made as a western, Geronimo (Paul H. Sloane, 1939); the western High Noon (Fred Zinnemann, 1954) remade as the science fiction film Outland (Peter Hyams, 1981).
8. a) A remake that switches the gender of the main characters: The Front Page (Lewis Milestone, 1931); His Gal Friday (Howard Hawks, 1941); b) a remake that reworks more explicitly the sexual relations in a film: William Wyler's These Three (1936) and The Children's Hour (1961); The Blue Lagoon (Frank Launder, 1949, and Randal Kleiser, 1980).
9. A remake that changes the race of the main characters: Anna Lucasta (Irving Rapper, 1949, with Paulette Goddard; Arnold Laven, 1958, with Eartha Kitt).
10. A remake in which the same star plays the same part: Ingrid Bergman in the Swedish and American versions of Intermezzo (Gustav Molander, 1936, and Gregory Ratoff, 1939); Bing Crosby in Holiday Inn (Mark Sandrich, 1942) and Holiday Inn (Michael Curtiz, 1954).
11. A remake of a sequel to a film that is itself the subject of multiple remakes: The Bride of Frankenstein (James Whale, 1975) and The Bride (Frank Roddam, 1985).
12. Comic and parodic remakes: Frankenstein (James Whale, 1931) and Young Frankenstein (Mel Brooks, 1954); Strangers on a Train (Alfred Hitchcock, 1951) and Throw Mamma from the Train (Danny DeVito, 1987).
13. Pornographic remakes: Ghostbusters (Ivan Reitman, 1984) and Ghostlusters (1991); Truth or Dare (Alex Kashishian, 1991) and Truth or Bare (1992) (thanks to Peter Lehman).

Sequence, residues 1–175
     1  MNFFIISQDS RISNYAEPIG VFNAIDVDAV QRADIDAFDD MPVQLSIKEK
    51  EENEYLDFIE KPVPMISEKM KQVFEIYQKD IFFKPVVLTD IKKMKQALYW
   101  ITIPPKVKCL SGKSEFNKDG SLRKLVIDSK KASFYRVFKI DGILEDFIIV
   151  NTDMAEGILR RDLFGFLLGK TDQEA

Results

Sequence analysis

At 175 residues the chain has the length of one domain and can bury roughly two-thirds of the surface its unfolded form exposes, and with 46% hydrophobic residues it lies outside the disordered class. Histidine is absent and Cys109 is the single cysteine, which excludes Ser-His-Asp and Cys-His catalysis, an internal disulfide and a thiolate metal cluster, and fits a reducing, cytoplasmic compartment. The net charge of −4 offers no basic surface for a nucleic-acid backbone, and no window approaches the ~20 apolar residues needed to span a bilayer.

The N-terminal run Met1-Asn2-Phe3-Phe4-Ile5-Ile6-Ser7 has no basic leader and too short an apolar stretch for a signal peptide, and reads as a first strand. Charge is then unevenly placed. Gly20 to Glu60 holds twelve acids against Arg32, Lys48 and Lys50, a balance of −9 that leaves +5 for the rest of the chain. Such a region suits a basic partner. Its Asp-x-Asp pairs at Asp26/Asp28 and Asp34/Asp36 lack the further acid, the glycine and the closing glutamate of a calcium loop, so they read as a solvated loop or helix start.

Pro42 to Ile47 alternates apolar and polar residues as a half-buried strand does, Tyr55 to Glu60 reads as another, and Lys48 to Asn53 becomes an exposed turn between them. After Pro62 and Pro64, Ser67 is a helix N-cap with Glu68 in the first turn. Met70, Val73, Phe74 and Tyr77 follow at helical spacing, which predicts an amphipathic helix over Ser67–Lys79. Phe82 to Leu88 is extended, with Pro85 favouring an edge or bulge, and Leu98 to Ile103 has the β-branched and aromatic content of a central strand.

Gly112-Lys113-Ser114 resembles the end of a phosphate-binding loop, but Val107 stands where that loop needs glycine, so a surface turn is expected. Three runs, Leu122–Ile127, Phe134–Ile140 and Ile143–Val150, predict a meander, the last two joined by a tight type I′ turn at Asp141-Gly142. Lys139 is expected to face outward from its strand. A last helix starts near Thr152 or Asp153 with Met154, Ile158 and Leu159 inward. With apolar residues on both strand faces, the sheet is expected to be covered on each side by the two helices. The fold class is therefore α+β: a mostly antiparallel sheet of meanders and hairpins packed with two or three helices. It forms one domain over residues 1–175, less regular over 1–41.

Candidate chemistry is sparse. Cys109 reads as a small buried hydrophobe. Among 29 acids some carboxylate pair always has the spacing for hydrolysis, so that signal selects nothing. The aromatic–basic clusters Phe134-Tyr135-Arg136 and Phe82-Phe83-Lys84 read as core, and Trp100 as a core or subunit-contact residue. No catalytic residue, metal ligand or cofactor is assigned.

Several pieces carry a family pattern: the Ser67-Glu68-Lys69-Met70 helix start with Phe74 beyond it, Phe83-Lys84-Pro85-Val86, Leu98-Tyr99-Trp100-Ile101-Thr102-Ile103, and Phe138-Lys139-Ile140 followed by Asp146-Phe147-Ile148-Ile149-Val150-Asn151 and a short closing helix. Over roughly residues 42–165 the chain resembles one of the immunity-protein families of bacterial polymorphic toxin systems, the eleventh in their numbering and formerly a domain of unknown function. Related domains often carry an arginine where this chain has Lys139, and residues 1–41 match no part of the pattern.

14. A remake that changes the color and/or aspect ratio of the original: The Thing (Christian Nyby, 1951, black-and-white; John Carpenter, 1982, color and Panavision); Invasion of the Body Snatchers (Don Siegel, 1956, black-and-white and Superscope; Phil Kaufman, 1978, color and 1.85 to 1 aspect ratio).
15. An apparent remake whose status as a remake is denied by the director; Michelangelo Antonioni's Blow-Up (1966) and Francis Ford Coppola's The Conversation (1974).
This taxonomy doesn't cross-reference films. Clearly, some could be put in more than one category. The Big Sleep, for example, updates the temporal and cultural settings. In addition, the list doesn't address any number of relevant production and economic aspects: the role of the star as an element in developing the remake (Barbra Streisand and the 1976 A Star Is Born ); variations in advertising, marketing, and distribution practices from period to period, genre to genre, country to country; historical data about the studios' decisions on remaking; comparative financial data on the origi-
nal and remake; issues of acquiring rights; distinguishing among the major and minor studios (e.g., an MGM remake of an MGM picture? a United Artists remake of an Allied Artists picture?); and epochal analyses of remaking practices—for example, comparative data regarding the number of remakes in the period of "classical Hollywood cinema" as opposed to during the sixties and later periods.
Even more problematic, the taxonomy itself doesn't address the issue of adaptation: are there any films in the various categories that can claim a common noncinematic source? If so, is it correct to call a film a remake or a new adaptation (e.g., Madame Bovary, Vincente Minnelli, 1949; Claude Chabrol, 1991)? Are there stages left out between the original and remake, as occurs for example when a play intervenes between the original and the remake (e.g., The Wiz )?